With the official arrival of summer, many people enjoy spending the warm evenings outside, grilling on a barbecue in their yard or at a public park. Whether you’re organizing an event or simply hanging out with your family, it can be tough to determine which grills are allowed by local code. This article covers the types of barbecue grills permitted in New York City, as well as fuel-specific grilling safety tips to help you and your family safely enjoy cooking outdoors this summer.
Barbecue Types and Associated NYC Safety Laws
The NYC Fuel Gas Code and the NYC Fire Code regulate barbecue grills based on the fuel type.
Propane Gas Barbecues
It’s illegal to store a propane gas barbecue on a balcony, roof, yard or courtyard in an apartment building or other residential building. However, you can use a propane tank that’s smaller than 16.4 ounces for a short period of time on a roof, as long as you have your building’s permission.
Propane barbecues are permitted in one- or two-family homes, with a limit of two 20-pound liquefied petroleum gas (LPG) containers.
When using a propane gas grill:
- Do not store propane cylinders indoors or in the trunk of a car.
- Regularly check the cylinder for signs of damage.
- When lighting a propane barbecue, make sure all connections are secure.
- After you finish barbecuing, shut off the propane fuel at both the grill and the cylinder, and plug the outlet valve.
- In case of a fire, if you can safely reach the cylinder valve, shut it off.
Natural Gas Barbecues
Barbecues that are connected to natural gas piping must be installed by a Licensed Master Plumber and inspected regularly, according to the NYC Fuel Gas Code.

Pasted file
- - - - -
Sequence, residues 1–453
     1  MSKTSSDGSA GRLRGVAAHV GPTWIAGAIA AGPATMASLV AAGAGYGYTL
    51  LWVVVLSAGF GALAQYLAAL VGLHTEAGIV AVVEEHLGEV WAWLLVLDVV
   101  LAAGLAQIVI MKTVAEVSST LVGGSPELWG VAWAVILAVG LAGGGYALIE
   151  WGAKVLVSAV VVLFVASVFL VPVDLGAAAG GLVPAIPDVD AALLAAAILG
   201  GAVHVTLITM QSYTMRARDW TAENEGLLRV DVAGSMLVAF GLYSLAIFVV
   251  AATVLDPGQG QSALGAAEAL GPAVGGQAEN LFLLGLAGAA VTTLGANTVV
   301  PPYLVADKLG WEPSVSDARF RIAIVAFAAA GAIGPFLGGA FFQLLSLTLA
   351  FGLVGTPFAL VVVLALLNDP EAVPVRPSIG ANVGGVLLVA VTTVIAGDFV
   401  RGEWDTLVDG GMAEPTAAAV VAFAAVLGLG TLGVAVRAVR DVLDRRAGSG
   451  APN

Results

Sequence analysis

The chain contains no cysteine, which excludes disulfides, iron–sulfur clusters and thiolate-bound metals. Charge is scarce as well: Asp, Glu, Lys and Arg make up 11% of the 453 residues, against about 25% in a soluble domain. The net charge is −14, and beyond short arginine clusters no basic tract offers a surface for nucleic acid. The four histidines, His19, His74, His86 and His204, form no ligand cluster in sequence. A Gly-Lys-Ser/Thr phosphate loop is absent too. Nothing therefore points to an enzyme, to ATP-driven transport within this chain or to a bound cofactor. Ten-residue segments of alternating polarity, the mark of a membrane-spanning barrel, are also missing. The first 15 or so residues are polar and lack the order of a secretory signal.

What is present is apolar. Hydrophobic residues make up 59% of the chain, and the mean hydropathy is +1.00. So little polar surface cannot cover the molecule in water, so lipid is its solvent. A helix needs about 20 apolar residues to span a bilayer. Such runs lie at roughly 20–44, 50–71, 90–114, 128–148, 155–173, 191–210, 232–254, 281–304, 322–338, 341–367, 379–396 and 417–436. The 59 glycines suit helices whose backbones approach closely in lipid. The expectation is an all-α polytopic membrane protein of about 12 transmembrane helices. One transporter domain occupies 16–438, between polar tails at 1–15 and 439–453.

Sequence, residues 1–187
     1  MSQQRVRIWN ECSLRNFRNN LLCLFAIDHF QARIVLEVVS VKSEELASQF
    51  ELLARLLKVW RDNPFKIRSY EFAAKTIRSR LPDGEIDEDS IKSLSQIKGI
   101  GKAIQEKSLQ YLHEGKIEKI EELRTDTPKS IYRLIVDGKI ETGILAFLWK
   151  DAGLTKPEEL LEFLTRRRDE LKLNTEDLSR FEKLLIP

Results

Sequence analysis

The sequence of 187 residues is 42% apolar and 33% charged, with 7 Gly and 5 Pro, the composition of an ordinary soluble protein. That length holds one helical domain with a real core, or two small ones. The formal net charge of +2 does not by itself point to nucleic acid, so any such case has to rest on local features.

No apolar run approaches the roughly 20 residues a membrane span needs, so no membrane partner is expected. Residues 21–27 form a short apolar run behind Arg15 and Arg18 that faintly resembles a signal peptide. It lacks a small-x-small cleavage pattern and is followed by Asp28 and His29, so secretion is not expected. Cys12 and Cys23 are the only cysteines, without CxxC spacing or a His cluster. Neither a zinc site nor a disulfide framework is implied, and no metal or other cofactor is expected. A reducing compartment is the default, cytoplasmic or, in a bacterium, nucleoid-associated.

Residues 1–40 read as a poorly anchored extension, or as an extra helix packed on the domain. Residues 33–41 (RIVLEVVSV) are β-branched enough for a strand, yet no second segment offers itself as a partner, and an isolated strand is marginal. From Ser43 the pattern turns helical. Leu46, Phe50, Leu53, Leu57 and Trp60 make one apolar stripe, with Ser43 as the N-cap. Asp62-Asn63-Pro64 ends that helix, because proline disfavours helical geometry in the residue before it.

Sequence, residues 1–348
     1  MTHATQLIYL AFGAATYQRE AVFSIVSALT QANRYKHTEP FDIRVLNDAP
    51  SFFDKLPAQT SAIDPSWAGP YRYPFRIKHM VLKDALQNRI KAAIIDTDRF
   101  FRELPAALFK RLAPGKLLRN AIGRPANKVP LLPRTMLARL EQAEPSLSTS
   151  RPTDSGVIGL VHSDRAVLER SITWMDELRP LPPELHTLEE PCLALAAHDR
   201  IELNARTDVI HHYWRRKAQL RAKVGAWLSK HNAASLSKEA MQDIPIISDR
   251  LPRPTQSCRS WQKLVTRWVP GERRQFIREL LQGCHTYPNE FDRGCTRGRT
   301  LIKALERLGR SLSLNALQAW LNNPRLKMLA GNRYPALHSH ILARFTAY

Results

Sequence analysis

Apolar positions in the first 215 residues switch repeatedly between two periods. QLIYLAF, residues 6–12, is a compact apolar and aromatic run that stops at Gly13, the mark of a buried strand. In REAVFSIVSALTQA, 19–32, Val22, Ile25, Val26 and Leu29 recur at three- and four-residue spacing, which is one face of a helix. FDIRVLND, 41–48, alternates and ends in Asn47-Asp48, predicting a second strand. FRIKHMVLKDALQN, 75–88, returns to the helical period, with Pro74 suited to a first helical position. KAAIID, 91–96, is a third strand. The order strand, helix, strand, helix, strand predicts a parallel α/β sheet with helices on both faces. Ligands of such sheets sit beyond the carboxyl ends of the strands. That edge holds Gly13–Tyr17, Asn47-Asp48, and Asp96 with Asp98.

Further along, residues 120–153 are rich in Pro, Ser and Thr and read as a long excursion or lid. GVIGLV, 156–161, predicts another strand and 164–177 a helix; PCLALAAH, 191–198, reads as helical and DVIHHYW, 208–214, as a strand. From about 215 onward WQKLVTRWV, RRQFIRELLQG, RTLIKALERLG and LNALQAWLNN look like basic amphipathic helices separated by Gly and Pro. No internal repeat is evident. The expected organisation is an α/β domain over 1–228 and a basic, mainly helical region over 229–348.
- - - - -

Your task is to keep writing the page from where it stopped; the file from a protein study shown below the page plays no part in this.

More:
Safety tips for natural gas barbecues:
- Before using a natural gas grill, check for gas leaks by rubbing a soap and water mix over the hose. Bubbles indicate a gas leak.
- Always light a natural gas barbecue with the lid open.
- If you ever smell gas, turn off the supply immediately.
- Examine hoses for cracks or places where small animals or insects might have caused damage.
- Only open the gas valve by a half turn so that it’s easier to turn off in an emergency.
It’s legal to cook with a charcoal barbecue in a backyard or paved patio, as long as it’s installed 10 feet away from any structure or flammable material. Charcoal grills are not permitted on a roof or balcony.
When using a charcoal grill:
- Avoid using lighter fluid or other accelerants to light a charcoal barbecue. Use a chimney starter or long-stemmed matches instead.
- Make sure the outdoor area is well-ventilated to avoid carbon monoxide poisoning.
- Never store charcoal grills indoors.
- If you’re in a city park, dispose of coals according to the park’s posted regulations. Find a public barbecuing area here.
Electric barbecues can be legally installed and used pretty much anywhere, including balconies, terraces, and roofs or in a yard. Follow the manufacturer’s instructions to make sure your outlet has the voltage required to run the grill. (Some models require 220V; standard outlets only provide 110-120V.)
Safety tips for electric barbecues:
- Make sure grease doesn’t drip on the heating coils or it could ignite.
- If you need an extension cord, check that your cord is safe to use with your grill in the manufacturer’s instructions.
- Run the grill’s power cord nearby so that you can easily pull it to shut off the grill in an emergency.
General Grilling Safety Tips
Follow these general safety tips with any barbecue type:
- Keep your barbecue at least 10 feet away from anything that can catch fire—including structures, walls, decking, trees or furniture. Place your barbecue on concrete, brick or metal.
- Always store grills outdoors.
- Do not store or use a grill on a fire escape.
- Keep a fire extinguisher, hose, water barrel or sand nearby when grilling.
- Never grill indoors or in poorly ventilated areas.
- Plan ahead with food preparation steps so that you never have to leave your grill unattended.
- Clean your grill regularly to avoid grease build-up, which can catch fire.
- Check for fuel leaks by rubbing a soap and water mix over hoses and watching for bubbles.
- Wear protection on your hands as you season or place food.
- Use utensils with long handles.